Jasuli Devi or Jasuli Shaukyani was known to be a great philanthropist of the 19th century. She belonged to the Rung Community, an indigenous and affluent tribe located in the upper reaches of the Kumaon Himalayas, a pristine high-altitude valley, known as ‘Darma’ (in district Pithoragarh).
I had written a detailed narrative about a dharamshala / inn / caravanserai built by her in Nainital district and how the dilapidated structure was restored, thanks to the efforts of the district administration and the rung community. A great example of how Govt. and other organizations can come together to preserve our rich cultural heritage. Click here to read that post.
Jasuli Devi, is credited to have built over 300 dharamshalas (caravansaries) in Uttarakhand, Nepal, and Tibet. Unfortunately, many of them are no more than a ruin now, but initiatives like the one in Nainital, give us hope that turnarounds are possible, and preservation of heritage is the only way to give our future generations a chance to connect with the past.
A tryst with the beauty called ‘Darma Valley’
I travelled to Dantu village in Darma Valley, located in the upper reaches of Pithoragarh district (Kumaon region) in Uttarakhand. This is the village of Jasuli Devi. The landscape is magnificent with vast and serene valley stretching endlessly and the outer boundary dotted by the high mountains with snow distinctly visible on the top. The mighty Panchachuli stands tall towards the north of the village. Darma Valley is a group of 12 high altitude villages.
There’s a statue in the village (built in 2012) to commemorate Jasuli Devi and her work (on building numerous caravansaries) for the people who often commuted long distances for trading and other purposes. The statue is located in a remote corner of the village on an incline path from where she probably keeps an eye on the entire village and blesses one and all. As I trudge on the incline path to pay her an obeisance, I come across a small Dharamshala on my left. From the look and feel it was similar to the one I saw in Nainital or at Satgarh (keep reading further). I wondered, maybe it all started here.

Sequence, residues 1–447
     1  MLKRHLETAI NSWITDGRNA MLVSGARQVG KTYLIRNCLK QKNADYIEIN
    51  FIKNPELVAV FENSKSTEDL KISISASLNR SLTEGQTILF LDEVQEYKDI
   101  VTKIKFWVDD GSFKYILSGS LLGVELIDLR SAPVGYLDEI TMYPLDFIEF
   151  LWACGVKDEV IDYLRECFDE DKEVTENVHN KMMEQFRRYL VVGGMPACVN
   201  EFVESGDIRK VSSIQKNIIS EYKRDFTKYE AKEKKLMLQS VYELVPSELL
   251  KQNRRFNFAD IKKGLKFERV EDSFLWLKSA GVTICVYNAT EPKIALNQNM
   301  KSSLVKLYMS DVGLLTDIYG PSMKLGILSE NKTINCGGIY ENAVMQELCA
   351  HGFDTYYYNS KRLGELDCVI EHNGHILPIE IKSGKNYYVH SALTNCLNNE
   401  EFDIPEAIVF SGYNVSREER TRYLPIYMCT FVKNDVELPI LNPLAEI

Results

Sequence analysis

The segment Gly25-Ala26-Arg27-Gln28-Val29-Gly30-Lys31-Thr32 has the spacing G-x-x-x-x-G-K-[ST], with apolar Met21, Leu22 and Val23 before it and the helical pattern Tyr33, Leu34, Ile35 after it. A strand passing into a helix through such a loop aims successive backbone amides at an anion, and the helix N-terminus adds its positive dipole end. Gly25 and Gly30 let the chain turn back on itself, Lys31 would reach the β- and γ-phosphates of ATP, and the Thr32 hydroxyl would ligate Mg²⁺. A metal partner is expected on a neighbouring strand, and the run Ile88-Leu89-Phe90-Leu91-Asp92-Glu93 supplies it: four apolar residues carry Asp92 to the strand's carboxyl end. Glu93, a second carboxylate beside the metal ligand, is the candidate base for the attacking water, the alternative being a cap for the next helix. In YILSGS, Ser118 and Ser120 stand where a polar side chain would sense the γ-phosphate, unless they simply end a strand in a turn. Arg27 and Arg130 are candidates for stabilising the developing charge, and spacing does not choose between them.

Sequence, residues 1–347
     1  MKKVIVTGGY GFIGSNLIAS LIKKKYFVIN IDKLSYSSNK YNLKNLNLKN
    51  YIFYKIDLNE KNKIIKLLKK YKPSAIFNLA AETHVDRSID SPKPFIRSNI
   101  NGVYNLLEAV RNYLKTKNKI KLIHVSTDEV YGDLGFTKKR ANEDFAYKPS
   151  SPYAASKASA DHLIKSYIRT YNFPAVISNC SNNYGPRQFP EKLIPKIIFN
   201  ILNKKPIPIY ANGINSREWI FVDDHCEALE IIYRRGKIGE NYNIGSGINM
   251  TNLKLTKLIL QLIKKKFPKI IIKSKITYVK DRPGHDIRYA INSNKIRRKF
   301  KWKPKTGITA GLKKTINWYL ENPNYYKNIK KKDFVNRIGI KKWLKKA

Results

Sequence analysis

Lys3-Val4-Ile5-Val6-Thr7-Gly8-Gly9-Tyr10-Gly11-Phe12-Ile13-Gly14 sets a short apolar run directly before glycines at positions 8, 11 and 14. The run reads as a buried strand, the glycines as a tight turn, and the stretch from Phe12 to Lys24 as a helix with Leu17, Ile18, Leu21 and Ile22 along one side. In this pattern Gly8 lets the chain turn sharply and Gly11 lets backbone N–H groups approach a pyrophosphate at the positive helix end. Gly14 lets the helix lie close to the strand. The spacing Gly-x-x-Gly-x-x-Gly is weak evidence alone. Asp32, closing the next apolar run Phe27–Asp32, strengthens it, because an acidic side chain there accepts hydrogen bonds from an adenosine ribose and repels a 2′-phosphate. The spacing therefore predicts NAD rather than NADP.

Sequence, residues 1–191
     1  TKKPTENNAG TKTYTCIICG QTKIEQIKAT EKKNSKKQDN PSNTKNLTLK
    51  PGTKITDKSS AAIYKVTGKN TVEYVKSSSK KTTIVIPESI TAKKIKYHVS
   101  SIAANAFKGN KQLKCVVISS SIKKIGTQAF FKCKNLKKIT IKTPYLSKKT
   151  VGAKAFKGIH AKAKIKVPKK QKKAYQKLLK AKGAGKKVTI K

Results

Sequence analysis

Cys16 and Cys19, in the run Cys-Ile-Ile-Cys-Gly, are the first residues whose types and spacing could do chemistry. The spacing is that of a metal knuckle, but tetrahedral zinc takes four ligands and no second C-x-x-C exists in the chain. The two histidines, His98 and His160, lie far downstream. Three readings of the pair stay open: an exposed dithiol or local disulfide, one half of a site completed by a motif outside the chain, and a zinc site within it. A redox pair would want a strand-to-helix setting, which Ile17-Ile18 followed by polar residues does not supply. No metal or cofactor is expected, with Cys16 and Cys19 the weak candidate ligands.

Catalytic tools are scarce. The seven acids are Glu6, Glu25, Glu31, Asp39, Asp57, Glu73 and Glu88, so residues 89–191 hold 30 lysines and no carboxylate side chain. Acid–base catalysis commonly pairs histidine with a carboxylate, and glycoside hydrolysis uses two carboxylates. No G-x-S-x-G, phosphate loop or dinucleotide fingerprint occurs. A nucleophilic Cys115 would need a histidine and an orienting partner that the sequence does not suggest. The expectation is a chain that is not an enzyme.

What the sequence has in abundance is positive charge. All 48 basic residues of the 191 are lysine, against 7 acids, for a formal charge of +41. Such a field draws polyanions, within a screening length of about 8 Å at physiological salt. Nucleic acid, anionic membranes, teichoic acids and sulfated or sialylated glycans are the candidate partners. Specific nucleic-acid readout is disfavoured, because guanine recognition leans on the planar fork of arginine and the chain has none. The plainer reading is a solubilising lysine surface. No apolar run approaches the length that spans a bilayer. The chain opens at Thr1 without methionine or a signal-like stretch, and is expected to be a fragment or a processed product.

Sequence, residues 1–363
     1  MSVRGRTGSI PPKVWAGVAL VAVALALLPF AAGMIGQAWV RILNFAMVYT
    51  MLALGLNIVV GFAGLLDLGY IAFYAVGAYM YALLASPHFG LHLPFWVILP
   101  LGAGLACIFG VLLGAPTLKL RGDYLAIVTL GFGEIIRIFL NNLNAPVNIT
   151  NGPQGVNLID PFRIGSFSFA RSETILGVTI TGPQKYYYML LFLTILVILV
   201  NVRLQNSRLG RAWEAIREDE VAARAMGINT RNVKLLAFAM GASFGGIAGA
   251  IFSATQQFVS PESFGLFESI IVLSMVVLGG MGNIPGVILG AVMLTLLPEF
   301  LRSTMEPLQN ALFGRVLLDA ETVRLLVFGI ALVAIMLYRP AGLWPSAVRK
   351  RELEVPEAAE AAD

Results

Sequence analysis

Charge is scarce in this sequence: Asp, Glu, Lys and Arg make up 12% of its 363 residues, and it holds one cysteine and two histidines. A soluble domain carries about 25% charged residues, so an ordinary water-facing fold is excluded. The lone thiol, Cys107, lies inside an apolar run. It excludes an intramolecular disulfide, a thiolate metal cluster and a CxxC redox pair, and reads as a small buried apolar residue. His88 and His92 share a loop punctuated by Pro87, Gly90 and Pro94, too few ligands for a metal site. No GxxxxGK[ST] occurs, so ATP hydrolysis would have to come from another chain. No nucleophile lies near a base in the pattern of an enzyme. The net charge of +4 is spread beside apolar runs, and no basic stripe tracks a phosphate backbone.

A visit to a dharamshala , now a ruin
While the dharamshala in Nainital is a success story, its not the same everywhere. A humble effort made in the past to count such dharmshalas gave a modest figure of around 100 (meaning many have completely perished away and that we may never know about them at all).
An hour drive from Pithoragarh towards Dharchula leads one to Satgarh (a small village on the road-head). This is where one of Jasuli Devi’s legacy still exists but in a very sad state.
Perched on a raised platform, the structure consists of 6 rooms in total. These were used by the traders or by any traveler who needed a place to rest in the earlier times. Wild plants and bushes have well colonized the structure now and the old and delicate walls may crumble down anytime. And it did happen once in the recent past as told to me by some villagers who spotted us when we were examining the ruin. The village folks themselves contributed to the restoration of a side wall and put some stones back into it so that the structure survives. Frankly, it needs more than a mere patch work.
Where is Satgarh on the map?
It is approx. 25 kms from Pithoragarh (district headquarters) on the main Dharchula highway. It takes approx. an hour to reach by a motor transport. It will fall on your left as you drive towards Dharchula. The next nearest town is Kanalichinna which is about 7 kms ahead from here.
Google map link of Satgarh village – click here
This needs an urgent attention. Know how to do?
This structure needs an urgent attention. Perhaps an approach like the one in Nainital. But before that, the district administration needs to take cognizance of it and then perhaps many organizations working in the area of heritage preservation and other citizen-led groups will surely come together to give it a life again.
The villagers (who live in the vicinity) were keen to do their bit if relevant entities come and decide to do something about it. I sincerely hope that it happens and happens sooner.
As I was about to leave, heavy mist descended through a gap in the mountains that surrounded Satgarh. Perhaps it was an indication of something good. And I only hope for the best.
Great read. I could go back to the times in my imagination. Sometimes I wonder that people of earlier generations have left behind so much that we revere today but will we be able to leave behind such a legacy or will we be remembered as a consumeristic generation. Let’s try to create a legacy.
LikeLiked by 1 person
Hope these 100 discovered Dharamshalas soon see the light of Restoration and become habitable again.
LikeLiked by 1 person